The pyramid of student loan debt
What do you think is the biggest category of consumer debt in this nation, apart from home mortgage loans? Car loans? Medical bills?
Not even close. It is student loan debt, now nearly $1.5 trillion dollars, and getting bigger by the day. The average undergrad leaves school, degree or no degree, owing $35,000.
Many owe much more. They have to begin paying on their loans as soon as they leave school. Yesterday I talked to a newly tenured faculty member in Michigan, an extremely talented woman in her 40s who still owes $90,000 in student loans.
She doesn’t come from a moneyed background, and would find it hard to, say, buy a house, since she already has to carry the equivalent of a mortgage on her modest salary. This is a scandal that is hurting all of us.
Now, a new book lays out the full dimensions of this looming debt avalanche. The Neoliberal Agenda and the Student Debt Crisis in U.S. Higher Education, a series of essays edited by Nicholas Hartlep, Lucille Eckrich and Brandon Hensley, my colleague at Wayne State, makes it clear just how bad things are.
This is, as they say, an example of unchecked bad policy gone horribly astray.
This book does have one weakness: A constant ideological rant against what the authors call “neoliberalism,” which has nothing to do with conventional liberalism as we normally understand it. The authors use “neoliberalism” to mean a sort of unthinking worship of capitalism and free market values as a solution for everything.
This is occasionally annoying. I have never met anyone who called themselves a neoliberal, and the incessant repetition of this word isn’t helpful. But the authors are correct in thinking that too many of us have been brainwashed to view higher education as something, like a Cadillac, that should only be available to those with the money to buy.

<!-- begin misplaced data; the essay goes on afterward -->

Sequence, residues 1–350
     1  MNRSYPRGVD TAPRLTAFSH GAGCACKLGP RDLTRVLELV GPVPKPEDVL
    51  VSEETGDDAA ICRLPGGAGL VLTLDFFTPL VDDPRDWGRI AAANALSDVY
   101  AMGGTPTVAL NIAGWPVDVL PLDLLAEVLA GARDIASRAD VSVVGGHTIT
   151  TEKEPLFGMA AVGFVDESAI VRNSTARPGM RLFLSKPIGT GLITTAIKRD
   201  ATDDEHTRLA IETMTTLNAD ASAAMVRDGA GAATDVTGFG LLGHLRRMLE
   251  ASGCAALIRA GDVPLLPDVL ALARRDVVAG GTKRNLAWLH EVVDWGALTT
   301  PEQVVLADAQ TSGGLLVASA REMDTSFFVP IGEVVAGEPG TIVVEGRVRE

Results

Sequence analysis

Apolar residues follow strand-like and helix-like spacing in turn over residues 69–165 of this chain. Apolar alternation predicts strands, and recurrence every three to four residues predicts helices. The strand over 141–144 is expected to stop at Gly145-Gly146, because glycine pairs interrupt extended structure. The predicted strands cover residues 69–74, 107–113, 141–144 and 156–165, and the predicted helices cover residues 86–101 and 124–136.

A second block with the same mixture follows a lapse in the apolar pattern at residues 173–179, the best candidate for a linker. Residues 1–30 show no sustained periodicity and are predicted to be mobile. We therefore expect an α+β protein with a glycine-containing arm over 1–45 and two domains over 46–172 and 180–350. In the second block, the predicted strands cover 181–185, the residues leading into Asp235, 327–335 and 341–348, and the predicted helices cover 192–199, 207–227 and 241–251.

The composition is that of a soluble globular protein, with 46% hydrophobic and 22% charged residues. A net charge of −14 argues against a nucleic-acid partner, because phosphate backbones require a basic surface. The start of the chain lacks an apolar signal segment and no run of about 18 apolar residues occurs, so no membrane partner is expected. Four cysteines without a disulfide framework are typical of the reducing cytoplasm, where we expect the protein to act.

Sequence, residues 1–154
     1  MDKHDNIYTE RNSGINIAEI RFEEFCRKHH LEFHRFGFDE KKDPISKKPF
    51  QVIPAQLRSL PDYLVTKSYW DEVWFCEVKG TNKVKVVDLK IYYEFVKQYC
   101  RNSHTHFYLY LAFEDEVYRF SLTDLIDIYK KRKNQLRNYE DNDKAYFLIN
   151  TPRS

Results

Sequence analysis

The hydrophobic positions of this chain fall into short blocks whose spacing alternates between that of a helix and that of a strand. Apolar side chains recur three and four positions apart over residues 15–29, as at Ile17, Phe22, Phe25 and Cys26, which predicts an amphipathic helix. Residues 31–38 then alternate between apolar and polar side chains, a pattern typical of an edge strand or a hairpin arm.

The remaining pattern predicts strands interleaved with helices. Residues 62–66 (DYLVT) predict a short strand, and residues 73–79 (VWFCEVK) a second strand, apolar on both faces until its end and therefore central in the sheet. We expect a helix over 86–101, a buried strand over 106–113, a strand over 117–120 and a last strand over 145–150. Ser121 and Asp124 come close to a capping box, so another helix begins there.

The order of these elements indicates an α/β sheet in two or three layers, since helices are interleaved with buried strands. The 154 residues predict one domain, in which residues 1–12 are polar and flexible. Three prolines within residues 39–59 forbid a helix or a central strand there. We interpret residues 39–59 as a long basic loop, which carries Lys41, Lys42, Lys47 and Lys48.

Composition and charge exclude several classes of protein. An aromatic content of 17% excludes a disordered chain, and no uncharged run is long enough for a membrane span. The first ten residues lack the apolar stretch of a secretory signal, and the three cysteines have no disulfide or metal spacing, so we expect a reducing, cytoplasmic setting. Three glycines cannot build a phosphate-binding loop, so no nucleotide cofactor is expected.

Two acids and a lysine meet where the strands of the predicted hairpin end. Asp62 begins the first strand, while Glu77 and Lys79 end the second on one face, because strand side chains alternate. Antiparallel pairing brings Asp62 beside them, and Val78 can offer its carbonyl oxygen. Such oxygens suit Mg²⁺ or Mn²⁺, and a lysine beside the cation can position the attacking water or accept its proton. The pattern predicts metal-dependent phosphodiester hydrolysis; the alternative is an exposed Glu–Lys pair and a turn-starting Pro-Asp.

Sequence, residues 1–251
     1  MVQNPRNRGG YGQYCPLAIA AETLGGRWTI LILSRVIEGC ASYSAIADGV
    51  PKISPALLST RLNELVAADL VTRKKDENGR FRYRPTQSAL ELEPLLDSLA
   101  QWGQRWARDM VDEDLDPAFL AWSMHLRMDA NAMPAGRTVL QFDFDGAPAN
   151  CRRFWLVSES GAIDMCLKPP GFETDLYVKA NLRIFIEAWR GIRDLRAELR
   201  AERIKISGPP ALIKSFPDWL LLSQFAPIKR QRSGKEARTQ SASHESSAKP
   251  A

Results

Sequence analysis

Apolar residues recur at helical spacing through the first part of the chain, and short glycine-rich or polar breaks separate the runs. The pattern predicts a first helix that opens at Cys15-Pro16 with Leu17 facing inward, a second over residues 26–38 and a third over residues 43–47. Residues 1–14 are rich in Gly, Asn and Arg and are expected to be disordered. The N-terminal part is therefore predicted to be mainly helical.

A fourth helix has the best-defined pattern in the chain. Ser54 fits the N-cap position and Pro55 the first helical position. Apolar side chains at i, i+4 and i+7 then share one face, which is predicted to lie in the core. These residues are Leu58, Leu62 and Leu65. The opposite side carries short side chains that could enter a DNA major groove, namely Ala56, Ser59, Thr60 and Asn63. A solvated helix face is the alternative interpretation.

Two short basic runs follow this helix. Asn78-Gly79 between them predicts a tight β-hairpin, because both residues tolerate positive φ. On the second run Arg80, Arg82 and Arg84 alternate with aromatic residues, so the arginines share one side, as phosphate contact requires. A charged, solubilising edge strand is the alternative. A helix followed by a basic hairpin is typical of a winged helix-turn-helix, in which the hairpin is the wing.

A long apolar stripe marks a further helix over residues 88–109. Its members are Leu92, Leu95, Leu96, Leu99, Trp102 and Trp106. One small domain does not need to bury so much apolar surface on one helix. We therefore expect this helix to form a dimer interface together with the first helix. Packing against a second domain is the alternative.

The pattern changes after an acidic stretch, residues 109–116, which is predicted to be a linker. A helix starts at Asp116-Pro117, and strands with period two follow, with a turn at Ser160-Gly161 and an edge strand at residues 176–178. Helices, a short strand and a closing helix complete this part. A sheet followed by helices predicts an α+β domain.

This is wrong-headed. This society and this state, more than ever, need as many educated people as possible, if only because a better educated work force is absolutely essential to our economic survival. Beyond that, can you imagine a world where only a rich kid can become a doctor? The woman I mentioned who owes $90,000 was working in a private sector job making more than she does now before she decided to become a professor.
These days, she is helping give dozens of students the technical skills needed to work in broadcast and other visual media. Clearly, she ought to have her student loans forgiven.
Actually, that she was forced to borrow at all is highly questionable. Who knows how many other potential brilliant scientists or filmmakers will never realize their potential because they were unwilling to get so deeply in debt?
The authors of this book say their goal is to provide a road map to get us to a place where education is seen as a public right and a personal responsibility, not a commodity for sale.
That’s not only morally right, but practically necessary.
The ever-growing pyramid of student debt is unsustainable, and the authors provide evidence that something close to half of those who owe aren’t paying. Maybe, just maybe, it might be a good idea to do the right thing before the wrong one destroys us.
Jack Lessenberry is Michigan Radio’s Senior Political Analyst. Views expressed in his essays are his own and do not necessarily reflect those of Michigan Radio, its management or the station licensee, The University of Michigan.